Why Is My Home Made Chocolate Candy So Dang Messy?
I made "turtles" today using a mini muffin tin for forms. This was a very novice attempt at candy making, for sure.
I placed toasted pecans on the bottom, the microwave melted Kraft caramels (with a bit of Kosher salt) and topped with microwave melted semi sweet chocolate.
It was a respectable effort and turned out quite nicely, but dang, is that chocolate messy upon touching!
I don't know why store bought chocolate is different and doesn't melt upon contact and get all over my fingers and face.
Can anyone give some insight how to do chocolate coatings without the mess?
I've done chocolate covered sponge candy and tempered in a fondue pot. Still a great hassle, and some of the chocolate is invariably out of temper because when it's all done, maybe 20% will be blotched with ivory streaks.
Besides tempering, however, it's also possible your choice of chocolate is affecting it. Are you using couverture quality chocolate? It's formulated for coating.
yes.. You need to temper the dipping chocolate. I'm lazy I use a $400 tempering machine. Santa got it on sale a few years ago.
There are a few ways to temper chocolate without having a culinary degree and 30 minutes with a marble slab. Look them up on youtube, If you can melt the chocolate but not bring it above 104 ° Fahrenheit or so then add more tempered chocolate to melt it and stir it in, it will keep it's temper but you have use pretempered chocolate in the first place. and chocolate chips usually won't work. They have additional things added to them from the world of chemistry.
Alton brown does it with a heating pad and a metal bowl.
Anyway when it solidifies it hardens in a crystalline structure that is more heat resistant and snaps when you break it. It is also shinier than untempered.
Melted chocolate and working with it is just messy. Fact of life. I have some OCD tendencies plus I clean as I go whenever cooking and baking. Suffice it to say, I don't make a lot of homemade chocolates. Just watching seasoned professionals working with chocolate on competition shows makes me uncomfortable! lol For some people, the mess is not a problem at all. I leave the chocolate making to them. :)
How did you get chocolate all over your face?!
I agree with others about the tempering. Don't touch melted chocolate. It like seeps into your skin and is impossible to just "wipe off."
Any time I have to deal with melted chocolate (or icings, glazes, etc.) I line my work space with wax paper. The chocolate won't stick to it and you just throw it away when you're done.
I made chocolate covered strawberries on V Day and tempered both in the microwave (white chocolate was mail order in disc form, dark chocolate was a mix of chopped 72% bar + some semisweet chips), did my dipping, then immediately set berries on wax paper-lined baking sheets, then into the fridge once done. No mess, perfect berries, and cleanup took all of 2 minutes.
It's best to use a chocolate thermometer while tempering, but if you don't have one, I found these instructions really helpful:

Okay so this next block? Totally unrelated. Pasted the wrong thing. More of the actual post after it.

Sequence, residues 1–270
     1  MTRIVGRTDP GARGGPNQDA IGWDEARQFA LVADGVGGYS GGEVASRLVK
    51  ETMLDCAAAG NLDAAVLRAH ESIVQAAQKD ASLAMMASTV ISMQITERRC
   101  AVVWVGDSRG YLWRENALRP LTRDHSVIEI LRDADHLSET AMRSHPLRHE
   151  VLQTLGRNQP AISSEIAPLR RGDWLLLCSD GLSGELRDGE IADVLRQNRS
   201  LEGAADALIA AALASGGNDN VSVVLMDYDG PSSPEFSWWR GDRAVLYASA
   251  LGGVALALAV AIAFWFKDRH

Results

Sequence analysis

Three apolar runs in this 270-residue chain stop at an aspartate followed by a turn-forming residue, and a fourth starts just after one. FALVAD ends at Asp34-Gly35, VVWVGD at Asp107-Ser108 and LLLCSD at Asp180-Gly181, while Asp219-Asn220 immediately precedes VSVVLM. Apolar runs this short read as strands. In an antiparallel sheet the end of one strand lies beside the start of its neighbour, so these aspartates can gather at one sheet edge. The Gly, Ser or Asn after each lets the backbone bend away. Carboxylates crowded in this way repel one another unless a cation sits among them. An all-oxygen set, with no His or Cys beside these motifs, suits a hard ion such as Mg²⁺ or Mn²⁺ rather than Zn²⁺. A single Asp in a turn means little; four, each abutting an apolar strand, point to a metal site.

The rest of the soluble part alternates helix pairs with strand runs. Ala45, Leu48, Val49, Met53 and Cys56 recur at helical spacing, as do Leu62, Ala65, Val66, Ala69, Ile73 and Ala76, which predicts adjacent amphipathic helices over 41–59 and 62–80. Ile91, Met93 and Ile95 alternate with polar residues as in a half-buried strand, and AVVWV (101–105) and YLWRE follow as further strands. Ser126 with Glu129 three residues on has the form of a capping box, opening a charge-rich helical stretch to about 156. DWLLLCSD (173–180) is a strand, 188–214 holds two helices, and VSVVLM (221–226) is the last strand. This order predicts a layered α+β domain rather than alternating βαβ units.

I've often failed when trying to temper in the microwave. I hate using a double boiler and understand the risk of getting water in the chocolate, but have to admit the double boiler worked much better for me than the microwave.
And I just read somewhere (have no idea where) a great tip for making your chocolates less messy looking: chill the sheet you place them on. That keeps the chocolate coating from pooling and spreading around the bottom. I haven't had a chance to try this yet, but it makes sense.
The first batch I made today, I almost ruined completely because I added vanilla extract and it seized.
I should have seen that coming, but took a chance.
So, as not to waste it, I added chopped nuts and made "truffles", rolling them in powdered sugar to finish.
Boy, was that a MESS! But, it was a good save in the end.
It can, you want about 1/3 of the chocolate unmelted, with the melted portion being about 120F. This is the "incomplete melting" method of tempering. If the chocolate is still too warm after all of it has melted, it will not be tempered - you need a few unmelted pieces (providing stable cocoa butter crystals) remaining at about 95F, then as those melt they should be enough to seed crystallization. Sometimes you need to stir more too - stirring also helps induce crystallization (of the cocoa butter, aka tempering).
But yeah, I still manage to get chocolate all over the place. When I make a big batch of truffles I end up with a 4 foot radius of cocoa powder around me. I'm tempted to recommend a piping bag for adding the chocolate to the turtles, but if you are not comfortable with one, that may make for an even bigger mess.
re: babette feasts
Babette Feasts -
Dang! Have I unintentionally lucked out!
When I want to make chocolate dipped pretzels, or potato chips or dried fruit - I melt my chocolate in the microwave. But I never melt it all as I don't want to burn it. So I melt most of it, pull it out then stir till the remaining chunks are melted, then dip or drizzle. And the dipping has always worked.
Now, with your explanation, I know why.
Now that I know how badly it COULD have gone, it's almost scary to do it again!
But thanks so for your info, I will be happy to pass it on.
One word - tempering, i.e. the process of heating and cooling chocolate to prepare it for dipping and enrobing. I'm not very good at it, but there have been multiple threads on this board of the various methods for tempering chocolate, how/why tempering works, etc. I also like this guide from Serious Eats: